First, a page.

EMDR for Anxiety

EMDR may or may not work for anxiety. EMDR was accidentally discovered by Francine Shapiro. She noticed one day while out walking that thoughts that were causing her mild anxiety suddenly disappeared. She tried to work out why and soon narrowed it down to the fact that she had flicked her eyes around while the thoughts were on her mind. She tried it again with another anxious thought and realized she had stumbled on a technique that could quickly change people. EMDR was born. It has been put to good use with Vietnam Veterans and sufferers of other major Traumas such as rape victims. Although EMDR can be practiced on one’s self this is only recommended after several sessions with a professional, which can be expensive. There are several books which explain the process.

EMDR stands for Eye Movement Desensitization and Reprocessing. It was invented by Francine Shapiro in 1987. Since then EMDR Therapy has come along way and is now used regularly for the treatment of PTSD (Post Traumatic Stress Disorder). More controversially it used to treat depression, anxiety, and phobias. I say controversially because the scientific proof of its efficacy is as ever lacking and therapists tend to base their claims on anecdotal evidence. That doesn’t mean that it doesn’t work.

The fact that EMDR is successful for PTSD suggests that it would also be useful for any condition that is caused by a traumatic memory or the failure to correctly process a traumatic memory.

What is EMDR?

EMDR works, it is thought, by activating both the right and left sides of the brain while recalling an traumatic event. This allows the memory to be reprocessed and the emotion attached to it to be released. The activation of the left and right sides of the brain is normally achieved through eye movement: the practitioner or therapist will instruct you to hold your head still and track your eyes from left to right and back, up and down or diagonally.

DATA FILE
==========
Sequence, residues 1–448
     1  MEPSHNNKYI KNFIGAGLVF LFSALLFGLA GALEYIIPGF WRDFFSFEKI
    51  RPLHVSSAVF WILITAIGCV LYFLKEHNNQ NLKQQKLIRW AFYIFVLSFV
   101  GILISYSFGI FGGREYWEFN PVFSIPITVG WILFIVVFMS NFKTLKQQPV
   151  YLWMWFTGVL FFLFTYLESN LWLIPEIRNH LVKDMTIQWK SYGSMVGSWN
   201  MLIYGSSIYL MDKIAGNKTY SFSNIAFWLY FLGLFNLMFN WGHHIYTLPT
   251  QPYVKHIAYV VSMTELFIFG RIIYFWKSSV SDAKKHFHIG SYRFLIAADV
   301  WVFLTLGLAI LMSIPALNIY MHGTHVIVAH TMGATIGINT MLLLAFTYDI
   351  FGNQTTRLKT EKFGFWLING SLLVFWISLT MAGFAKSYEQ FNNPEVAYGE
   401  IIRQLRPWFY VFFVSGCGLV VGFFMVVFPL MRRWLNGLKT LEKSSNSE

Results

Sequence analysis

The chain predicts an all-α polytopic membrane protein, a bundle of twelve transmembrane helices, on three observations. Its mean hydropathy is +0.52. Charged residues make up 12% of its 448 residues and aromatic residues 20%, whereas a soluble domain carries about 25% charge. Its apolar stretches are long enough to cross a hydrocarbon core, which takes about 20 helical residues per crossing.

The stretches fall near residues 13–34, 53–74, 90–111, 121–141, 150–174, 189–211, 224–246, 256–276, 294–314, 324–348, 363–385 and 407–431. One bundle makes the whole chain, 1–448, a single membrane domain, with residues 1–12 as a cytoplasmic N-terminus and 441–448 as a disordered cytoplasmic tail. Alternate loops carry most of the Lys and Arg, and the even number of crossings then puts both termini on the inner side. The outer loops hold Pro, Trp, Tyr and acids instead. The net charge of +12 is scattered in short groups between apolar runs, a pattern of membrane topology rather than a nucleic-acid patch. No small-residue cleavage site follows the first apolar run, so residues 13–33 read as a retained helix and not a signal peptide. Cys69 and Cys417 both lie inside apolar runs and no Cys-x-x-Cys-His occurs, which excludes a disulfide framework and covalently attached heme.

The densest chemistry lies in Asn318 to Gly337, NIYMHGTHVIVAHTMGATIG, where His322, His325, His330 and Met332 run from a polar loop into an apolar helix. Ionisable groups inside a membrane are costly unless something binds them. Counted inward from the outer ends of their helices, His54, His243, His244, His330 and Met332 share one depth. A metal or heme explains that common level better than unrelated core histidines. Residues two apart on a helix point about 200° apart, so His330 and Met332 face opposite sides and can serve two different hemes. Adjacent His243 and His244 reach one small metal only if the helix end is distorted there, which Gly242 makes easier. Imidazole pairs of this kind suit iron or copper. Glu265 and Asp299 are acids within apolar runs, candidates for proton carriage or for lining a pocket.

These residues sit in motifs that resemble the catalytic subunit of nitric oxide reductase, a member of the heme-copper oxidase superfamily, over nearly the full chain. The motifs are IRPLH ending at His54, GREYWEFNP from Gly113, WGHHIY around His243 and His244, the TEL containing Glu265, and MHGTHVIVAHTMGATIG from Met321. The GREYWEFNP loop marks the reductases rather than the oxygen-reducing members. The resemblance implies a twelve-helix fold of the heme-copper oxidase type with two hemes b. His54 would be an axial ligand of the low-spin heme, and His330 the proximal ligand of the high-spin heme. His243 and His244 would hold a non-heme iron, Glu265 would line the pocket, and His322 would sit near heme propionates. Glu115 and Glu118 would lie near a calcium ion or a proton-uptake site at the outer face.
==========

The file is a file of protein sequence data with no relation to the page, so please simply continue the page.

Although it is called EYE MOVEMENT desensitization and reprocessing eye movements are not essential and when a patient for some reason can not make eye movements sound or touch stimulation can be used. Occasionally specialist EMDR equipment is used to direct the patients eyes, play noises or stimulate touch. Also software has been made available, but home use without the supervision of a trained therapist or practitioner is not recommended.

EMDR seems simple, but in fact it is a form of psychotherapy and can cause repressed issues to surface, that is why a practitioner is needed, particularly when dealing with sever trauma. Self EMDR is not recommended! (But people have done it! Books on EMDR here.)

There are various EMDR organisations and societies, and practitioners can be found in the UK, France, Spain, and Australia with little problem. For the EMDR institute click here. Make sure a therapist you chose has had sufficient training. Some courses are quick, may be run by cowboys, and should be avoided. There isn’t much information on EMDR on the WWW.

What about Anxiety, Phobias, Panic Attacks and Depression with EMDR

You are a bit unlikely to get this on your health insurance or the UK NHS (National Health Service), but if you can find a good practitioner why not give it a go. Expect to pay £35-50 ($50-75) for a session and the number of sessions needed may be one to many. There definitely have been positive results and I suspect that it will become more and more recognised as time goes on.

There may well be times however when the memories that caused the phobia/anxiety/depression have been processed and what is left over is learnt behaviour. In such cases EMDR is unlikely to help much.

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